In 2008 we launched a brand new coffee for convenience store Cumberland Farms, using radio as our only messaging vehicle outside the four walls. In the first three years, coffee sales at Cumberland Farms skyrocketed over 150% (and are still going strong today). Here’s one of our favorites from that campaign.

Also, for Cumberland Farms, we came up with a unique way to transform radio into a truly interactive experience for young consumers of the Chill Zone frozen beverage station. We created a traditional radio campaign in the form of a Mad Lib word game that directed listeners to a Facebook app where they could create their own custom Chill Zone commercial. The campaign was successful on two fronts: sales spiked dramatically in store and our brand new Facebook community exploded from zero to 165,000 Likes.

Finally, and most recently, we created a single radio commercial this fall for D’Angelo Grilled Sandwiches. The spot, a comically heroic tribute to its signature steak sandwich, helped D’Angelo achieve its highest sales lift in the past ten years.

So, what does all this mean? It’s simple really—radio is still very much an unbelievably powerful and creative medium. But only if it’s used powerfully and creatively.

For clients, that means making a fresh new commitment to radio, especially those small to midsize brands that don’t have the luxury of a $20 million+ media budget. Radio combined with digital makes for one hell of an effective one-two punch, by the way. And let’s not forget the power of Pandora, the digital radio format that now offers a host of ways to create a more branded experience online. Plus, with the extremely low cost of radio production and media (compared to TV), brands can stay relevant and on top of mind much longer and with far more unique messages.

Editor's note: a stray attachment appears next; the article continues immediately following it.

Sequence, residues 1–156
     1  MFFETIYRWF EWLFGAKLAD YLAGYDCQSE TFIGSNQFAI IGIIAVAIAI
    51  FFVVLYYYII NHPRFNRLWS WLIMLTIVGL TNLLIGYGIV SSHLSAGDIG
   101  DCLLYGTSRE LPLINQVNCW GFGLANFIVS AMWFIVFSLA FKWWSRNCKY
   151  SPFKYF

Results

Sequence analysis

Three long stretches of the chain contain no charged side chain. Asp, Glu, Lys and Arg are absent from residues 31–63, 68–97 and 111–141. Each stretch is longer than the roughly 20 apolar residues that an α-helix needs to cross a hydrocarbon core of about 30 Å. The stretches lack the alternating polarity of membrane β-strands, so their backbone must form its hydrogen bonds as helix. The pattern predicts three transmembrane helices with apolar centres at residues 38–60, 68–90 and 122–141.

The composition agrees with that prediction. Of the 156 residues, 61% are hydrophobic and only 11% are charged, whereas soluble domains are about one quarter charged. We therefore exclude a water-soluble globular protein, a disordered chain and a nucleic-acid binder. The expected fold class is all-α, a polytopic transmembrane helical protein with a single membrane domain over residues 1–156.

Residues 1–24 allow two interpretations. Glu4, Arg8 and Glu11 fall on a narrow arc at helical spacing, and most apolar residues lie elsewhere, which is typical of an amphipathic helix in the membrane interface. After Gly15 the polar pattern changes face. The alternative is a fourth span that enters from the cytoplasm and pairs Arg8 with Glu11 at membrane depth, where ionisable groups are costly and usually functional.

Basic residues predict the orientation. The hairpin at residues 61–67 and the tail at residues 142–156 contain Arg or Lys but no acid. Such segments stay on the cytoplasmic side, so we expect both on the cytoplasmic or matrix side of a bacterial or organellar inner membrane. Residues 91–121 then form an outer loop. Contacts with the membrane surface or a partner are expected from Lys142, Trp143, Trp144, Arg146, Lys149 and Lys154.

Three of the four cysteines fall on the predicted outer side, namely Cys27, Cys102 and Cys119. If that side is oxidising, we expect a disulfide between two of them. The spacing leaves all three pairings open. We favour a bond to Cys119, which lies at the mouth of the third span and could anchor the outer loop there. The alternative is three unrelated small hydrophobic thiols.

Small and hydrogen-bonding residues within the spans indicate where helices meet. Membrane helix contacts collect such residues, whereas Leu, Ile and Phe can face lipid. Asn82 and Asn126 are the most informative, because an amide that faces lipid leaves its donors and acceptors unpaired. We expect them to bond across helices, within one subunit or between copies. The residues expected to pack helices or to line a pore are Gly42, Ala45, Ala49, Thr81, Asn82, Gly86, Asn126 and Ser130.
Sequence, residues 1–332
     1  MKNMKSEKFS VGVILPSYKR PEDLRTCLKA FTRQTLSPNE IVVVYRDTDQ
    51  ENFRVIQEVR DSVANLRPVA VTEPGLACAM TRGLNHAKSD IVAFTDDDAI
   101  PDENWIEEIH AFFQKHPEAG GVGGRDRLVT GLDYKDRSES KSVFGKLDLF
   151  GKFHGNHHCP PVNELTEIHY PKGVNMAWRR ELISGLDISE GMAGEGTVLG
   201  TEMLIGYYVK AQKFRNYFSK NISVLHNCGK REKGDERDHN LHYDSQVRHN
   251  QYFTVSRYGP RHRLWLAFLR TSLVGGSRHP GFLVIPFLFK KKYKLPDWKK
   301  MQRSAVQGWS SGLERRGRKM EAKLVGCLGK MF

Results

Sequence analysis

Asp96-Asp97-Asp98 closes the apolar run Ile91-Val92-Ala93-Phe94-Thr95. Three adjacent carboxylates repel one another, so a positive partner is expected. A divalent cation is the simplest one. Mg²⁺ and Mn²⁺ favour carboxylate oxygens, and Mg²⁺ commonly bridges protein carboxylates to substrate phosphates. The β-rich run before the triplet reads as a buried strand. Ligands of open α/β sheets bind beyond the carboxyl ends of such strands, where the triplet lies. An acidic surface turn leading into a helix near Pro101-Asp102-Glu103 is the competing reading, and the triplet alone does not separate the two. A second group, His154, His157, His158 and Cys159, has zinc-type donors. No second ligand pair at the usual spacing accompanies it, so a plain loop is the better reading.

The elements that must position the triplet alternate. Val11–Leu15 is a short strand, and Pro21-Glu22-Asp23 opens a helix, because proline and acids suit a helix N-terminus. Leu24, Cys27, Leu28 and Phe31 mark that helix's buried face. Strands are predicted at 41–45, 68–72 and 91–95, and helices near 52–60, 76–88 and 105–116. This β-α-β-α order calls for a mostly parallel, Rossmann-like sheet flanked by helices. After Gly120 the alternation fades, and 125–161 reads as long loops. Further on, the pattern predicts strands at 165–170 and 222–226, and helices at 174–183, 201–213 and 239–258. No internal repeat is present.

For agencies, there may be even more of a need to re-commit. Creatives have gotten so caught up in inventing the next big thing that they have lost sight of the best storytelling vehicles there is outside of TV and digital video. So who’s to say radio can’t be the next big thing?

Is radio easy? Hell no. For a copywriter it may be the ultimate challenge. It’s the exact opposite of writing a clever headline or a quippy meme. You are, after all, telling a story. It can be funny, edgy, poignant, shocking, uplifting or heartbreaking, but it is a story. I’m pretty sure this is not what many writers currently think when a radio assignment hits their desks. Crafting a great idea with words, sound and music is very different from filling a script with copy points.

Fortunately for all you writers out there, the path to radio greatness has already been laid out before you. I would suggest you become a student of what makes a great radio idea. Go to your past CA annuals, One Show books, or regional advertising award winners. Or better yet, visit the website for the Radio Mercury Awards, the mother of all radio competitions. Their website is filled with examples of the very best of radio:

I have had the privilege to work with many great radio writers–no one better than Mark Nardi. He has won every award there is in the category (and lots of other categories too). We talk radio all the time, and not in that lamenting sorry-to-see-it-go kind of way. It’s still too good of a creative opportunity to give up on. And for clients, it’s way too good of a brand and business driver to not be jumping all over it.

So let the new golden age of radio begin. I, for one, am all for it.